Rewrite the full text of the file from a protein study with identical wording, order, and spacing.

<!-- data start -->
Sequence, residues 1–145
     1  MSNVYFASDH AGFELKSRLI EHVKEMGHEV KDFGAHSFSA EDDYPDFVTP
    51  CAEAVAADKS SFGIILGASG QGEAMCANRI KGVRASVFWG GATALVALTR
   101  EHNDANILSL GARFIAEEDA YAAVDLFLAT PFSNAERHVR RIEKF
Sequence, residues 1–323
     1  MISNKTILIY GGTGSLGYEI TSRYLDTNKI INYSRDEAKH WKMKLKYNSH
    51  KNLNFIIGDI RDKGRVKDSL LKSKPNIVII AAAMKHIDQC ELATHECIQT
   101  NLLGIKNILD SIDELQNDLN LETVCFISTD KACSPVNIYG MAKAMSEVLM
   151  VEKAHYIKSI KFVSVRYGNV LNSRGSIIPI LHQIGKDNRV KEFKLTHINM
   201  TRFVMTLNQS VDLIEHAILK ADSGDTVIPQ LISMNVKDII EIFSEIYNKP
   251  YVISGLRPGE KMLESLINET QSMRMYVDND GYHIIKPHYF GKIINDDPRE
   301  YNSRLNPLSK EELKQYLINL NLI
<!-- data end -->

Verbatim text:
Sequence, residues 1–145
     1  MSNVYFASDH AGFELKSRLI EHVKEMGHEV KDFGAHSFSA EDDYPDFVTP
    51  CAEAVAADKS SFGIILGASG QGEAMCANRI KGVRASVFWG GATALVALTR
   101  EHNDANILSL GARFIAEEDA YAAVDLFLAT PFSNAERHVR RIEKF
Sequence, residues 1–323
     1  MISNKTILIY GGTGSLGYEI TSRYLDTNKI INYSRDEAKH WKMKLKYNSH
    51  KNLNFIIGDI RDKGRVKDSL LKSKPNIVII AAAMKHIDQC ELATHECIQT
   101  NLLGIKNILD SIDELQNDLN LETVCFISTD KACSPVNIYG MAKAMSEVLM
   151  VEKAHYIKSI KFVSVRYGNV LNSRGSIIPI LHQIGKDNRV KEFKLTHINM
   201  TRFVMTLNQS VDLIEHAILK ADSGDTVIPQ LISMNVKDII EIFSEIYNKP
   251  YVISGLRPGE KMLESLINET QSMRMYVDND GYHIIKPHYF GKIINDDPRE
   301  YNSRLNPLSK EELKQYLINL NLI